MP3 Monday: Zoomin' Night
A dip into the slow-running river of aural murk that's been flowing through Beijing's underground aquifers since 2009...
MP3 Monday is a weekly SmartBeijing column, serving up MP3s from bands living and making music in China (or coming to China, or thinking about coming to China, or whatever). Copyright holders: if you would like your song removed, please email us here, and we'll honor your request promptly.
So. The biggie for local music this week is Carsick Cars's album release on Friday. I'm not going to focus on that here, because I already featured some new Cars tracks on this year's first MP3 Monday and a mix, and pretty much every other magazine is running features on Carsick Cars this month, and we'll have CSC frontman Zhang Shouwang on the Culture Bureau later this week. Instead, we'll take a deep dive into Zoomin' Night, a weekly experimental music showcase that's been running since 2009. Zoomin' launched at D-22 and migrated to XP, where the mandate is more or less for this kind of music. In some ways functioning as a feeder for new Maybe Mars talent (bands like Chui Wan, Birdstriking, and Hot & Cold cut their teeth at the Tuesday weekly), Zoomin' Night was and continues to be the creative substratum for new moves from that particular corner of the Chinese indie/noise universe. Here's a sample of its sounds:
Zhu Wenbo in the studio (photo by semipunk)
Zoomin' Night is the product of Zhu Wenbo, a musician and promoter who's been an active member of Beijing's disjointed experimental music scene for over a decade. Wenbo was plugged into the nascent D-22 scene before it even began, having met Zhang Shouwang on a Velvet Underground-themed message board in the early '00s. He was a regular at Yan Jun's erstwhile experimental night, Waterland Kwanyin, which ran on Tuesdays at 2Kolegas until January 2010. Wenbo kicked off Zoomin' Night in August 2009 with a string of bands that would set the blueprint for the next few years: Hot & Cold, Birdstriking, pre-Chui Wan Yan Yulong side project Sister Oriented, and Fat City, Wenbo's band with guitarist Ma Meng. Fat City in particular established the baseline Zoomin' sound: raw, lo-fi, deconstructed, vaguely "rock" tunes with a heavy influence from vintage New York No Wave and '70s minimalist kraut. Fat City doesn't play any more, but they recently released a farewell full-length that was recorded in November 2011 — their heyday — and just now mixed/mastered by the go-to guy for these kinds of projects, Yang Haisong. Here are a few off that:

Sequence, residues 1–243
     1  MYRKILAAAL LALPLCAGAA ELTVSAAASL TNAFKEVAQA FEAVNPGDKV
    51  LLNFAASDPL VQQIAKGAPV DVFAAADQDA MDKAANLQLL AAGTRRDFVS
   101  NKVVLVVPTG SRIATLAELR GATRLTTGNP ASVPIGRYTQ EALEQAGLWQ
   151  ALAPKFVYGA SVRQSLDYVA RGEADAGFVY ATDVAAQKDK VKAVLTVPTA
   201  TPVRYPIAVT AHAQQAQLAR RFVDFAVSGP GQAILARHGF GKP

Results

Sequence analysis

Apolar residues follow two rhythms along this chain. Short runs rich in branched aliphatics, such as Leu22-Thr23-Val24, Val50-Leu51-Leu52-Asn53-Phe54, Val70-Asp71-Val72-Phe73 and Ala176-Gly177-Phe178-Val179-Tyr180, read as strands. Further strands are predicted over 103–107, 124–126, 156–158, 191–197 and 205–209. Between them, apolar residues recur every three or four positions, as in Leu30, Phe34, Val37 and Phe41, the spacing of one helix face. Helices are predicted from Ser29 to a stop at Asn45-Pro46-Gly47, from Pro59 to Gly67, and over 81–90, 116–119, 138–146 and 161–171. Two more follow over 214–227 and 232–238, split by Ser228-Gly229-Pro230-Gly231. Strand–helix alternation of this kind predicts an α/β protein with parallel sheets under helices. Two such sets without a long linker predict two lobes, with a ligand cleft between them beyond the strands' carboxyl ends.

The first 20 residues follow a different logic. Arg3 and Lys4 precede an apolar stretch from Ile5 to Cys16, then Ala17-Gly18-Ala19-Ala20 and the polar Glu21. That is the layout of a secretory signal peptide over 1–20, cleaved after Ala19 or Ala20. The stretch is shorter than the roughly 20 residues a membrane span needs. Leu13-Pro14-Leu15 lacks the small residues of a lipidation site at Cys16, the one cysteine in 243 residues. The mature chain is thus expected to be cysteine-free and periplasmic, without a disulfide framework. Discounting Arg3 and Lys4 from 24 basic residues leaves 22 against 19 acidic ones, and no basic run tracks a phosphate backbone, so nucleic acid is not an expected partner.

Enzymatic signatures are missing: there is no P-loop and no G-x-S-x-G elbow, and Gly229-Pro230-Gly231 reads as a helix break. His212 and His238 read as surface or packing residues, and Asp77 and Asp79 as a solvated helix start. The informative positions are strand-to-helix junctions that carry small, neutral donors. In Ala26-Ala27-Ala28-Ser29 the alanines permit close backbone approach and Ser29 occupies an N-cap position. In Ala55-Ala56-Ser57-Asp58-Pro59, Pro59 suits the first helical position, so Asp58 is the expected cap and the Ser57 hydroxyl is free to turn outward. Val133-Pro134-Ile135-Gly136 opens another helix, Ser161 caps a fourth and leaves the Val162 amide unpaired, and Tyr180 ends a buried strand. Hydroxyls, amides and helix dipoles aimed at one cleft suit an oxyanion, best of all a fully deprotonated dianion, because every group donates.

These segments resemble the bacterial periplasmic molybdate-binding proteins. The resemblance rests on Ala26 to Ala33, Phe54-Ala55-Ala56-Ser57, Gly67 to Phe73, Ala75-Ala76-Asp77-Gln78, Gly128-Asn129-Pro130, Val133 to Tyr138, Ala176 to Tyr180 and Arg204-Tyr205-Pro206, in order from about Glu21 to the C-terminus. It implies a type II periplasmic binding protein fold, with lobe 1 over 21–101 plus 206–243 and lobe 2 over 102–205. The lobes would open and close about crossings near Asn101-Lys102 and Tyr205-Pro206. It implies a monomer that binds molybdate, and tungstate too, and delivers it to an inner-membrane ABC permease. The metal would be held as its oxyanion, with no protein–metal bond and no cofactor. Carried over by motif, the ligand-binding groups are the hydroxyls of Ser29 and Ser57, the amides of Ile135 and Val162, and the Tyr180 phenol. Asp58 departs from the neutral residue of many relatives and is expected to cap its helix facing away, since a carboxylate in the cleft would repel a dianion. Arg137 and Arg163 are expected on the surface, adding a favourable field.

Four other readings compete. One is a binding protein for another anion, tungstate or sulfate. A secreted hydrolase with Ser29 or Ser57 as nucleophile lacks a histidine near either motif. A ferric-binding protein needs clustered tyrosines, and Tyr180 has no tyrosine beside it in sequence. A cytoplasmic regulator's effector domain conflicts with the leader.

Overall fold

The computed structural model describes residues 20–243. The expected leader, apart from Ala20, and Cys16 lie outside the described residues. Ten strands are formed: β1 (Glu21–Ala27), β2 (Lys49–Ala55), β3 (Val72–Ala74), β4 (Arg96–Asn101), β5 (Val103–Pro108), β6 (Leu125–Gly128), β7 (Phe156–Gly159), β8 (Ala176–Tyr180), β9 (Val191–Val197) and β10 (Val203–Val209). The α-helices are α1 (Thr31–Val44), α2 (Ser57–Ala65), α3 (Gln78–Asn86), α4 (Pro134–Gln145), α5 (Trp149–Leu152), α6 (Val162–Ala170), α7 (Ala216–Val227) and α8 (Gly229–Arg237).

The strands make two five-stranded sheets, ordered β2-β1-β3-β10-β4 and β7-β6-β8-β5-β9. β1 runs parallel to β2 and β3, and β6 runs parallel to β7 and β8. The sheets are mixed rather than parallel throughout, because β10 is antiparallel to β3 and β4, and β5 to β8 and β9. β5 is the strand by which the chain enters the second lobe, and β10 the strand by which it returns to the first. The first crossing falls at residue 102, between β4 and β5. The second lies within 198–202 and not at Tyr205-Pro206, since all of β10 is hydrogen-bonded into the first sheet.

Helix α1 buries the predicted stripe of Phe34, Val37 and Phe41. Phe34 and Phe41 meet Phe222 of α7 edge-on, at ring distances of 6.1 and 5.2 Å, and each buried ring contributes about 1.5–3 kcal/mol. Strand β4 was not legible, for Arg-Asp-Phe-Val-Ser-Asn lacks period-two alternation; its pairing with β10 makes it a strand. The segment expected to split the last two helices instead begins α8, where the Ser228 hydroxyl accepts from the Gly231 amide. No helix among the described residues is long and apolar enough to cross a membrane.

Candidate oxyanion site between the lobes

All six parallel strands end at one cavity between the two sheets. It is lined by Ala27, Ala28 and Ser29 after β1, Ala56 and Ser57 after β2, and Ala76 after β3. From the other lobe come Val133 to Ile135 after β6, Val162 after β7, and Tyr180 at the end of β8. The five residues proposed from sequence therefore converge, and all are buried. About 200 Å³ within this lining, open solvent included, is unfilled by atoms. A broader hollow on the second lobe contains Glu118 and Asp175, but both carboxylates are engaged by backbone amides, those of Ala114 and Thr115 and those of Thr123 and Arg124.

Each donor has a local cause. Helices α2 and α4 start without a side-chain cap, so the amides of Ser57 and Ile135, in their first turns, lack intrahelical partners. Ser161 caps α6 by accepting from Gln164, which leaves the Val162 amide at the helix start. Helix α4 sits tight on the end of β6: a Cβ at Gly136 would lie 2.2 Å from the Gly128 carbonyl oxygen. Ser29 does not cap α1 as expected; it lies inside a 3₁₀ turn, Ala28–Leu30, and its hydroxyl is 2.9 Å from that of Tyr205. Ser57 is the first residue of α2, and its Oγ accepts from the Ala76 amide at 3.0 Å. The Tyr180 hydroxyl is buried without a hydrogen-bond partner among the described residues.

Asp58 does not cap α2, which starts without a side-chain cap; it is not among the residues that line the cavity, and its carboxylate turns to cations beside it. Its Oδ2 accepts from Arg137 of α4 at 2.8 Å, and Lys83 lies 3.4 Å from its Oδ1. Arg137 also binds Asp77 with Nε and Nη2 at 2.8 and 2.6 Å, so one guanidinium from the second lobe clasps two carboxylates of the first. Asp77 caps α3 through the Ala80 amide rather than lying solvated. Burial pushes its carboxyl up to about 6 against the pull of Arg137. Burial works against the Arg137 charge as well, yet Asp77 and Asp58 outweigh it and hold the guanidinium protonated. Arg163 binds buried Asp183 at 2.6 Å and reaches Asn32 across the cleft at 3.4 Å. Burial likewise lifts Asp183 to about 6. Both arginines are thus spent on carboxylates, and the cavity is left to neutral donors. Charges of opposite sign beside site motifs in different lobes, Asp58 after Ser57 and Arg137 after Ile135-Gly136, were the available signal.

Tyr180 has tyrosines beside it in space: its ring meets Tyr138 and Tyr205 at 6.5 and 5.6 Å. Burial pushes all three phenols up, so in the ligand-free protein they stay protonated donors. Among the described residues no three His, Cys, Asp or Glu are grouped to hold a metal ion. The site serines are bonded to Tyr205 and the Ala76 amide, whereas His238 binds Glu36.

Xiao Hong & Xiao Xiao Hong (photo via Genjing)
Wenbo's other main project is Xiao Hong & Xiao Xiao Hong (小红与小小红), a protean duo with his wife, Zhao Cong, that's been going since 2010 or so. XHYXXH's sound has changed considerably over time, but in fairly discrete intervals. Their earlier stuff was slow and melodic, often played sitting on the stage, Wenbo tapping out melodies on a small keyboard and Zhao Cong whispering ghost vocals into a contact mic. That version of XHYXXH hit its apogee in the form of a 2011 self-released CD-r called Black Sheep, which later got a re-release via DIY United States cassette label Night-People. Here are some chillers from that one: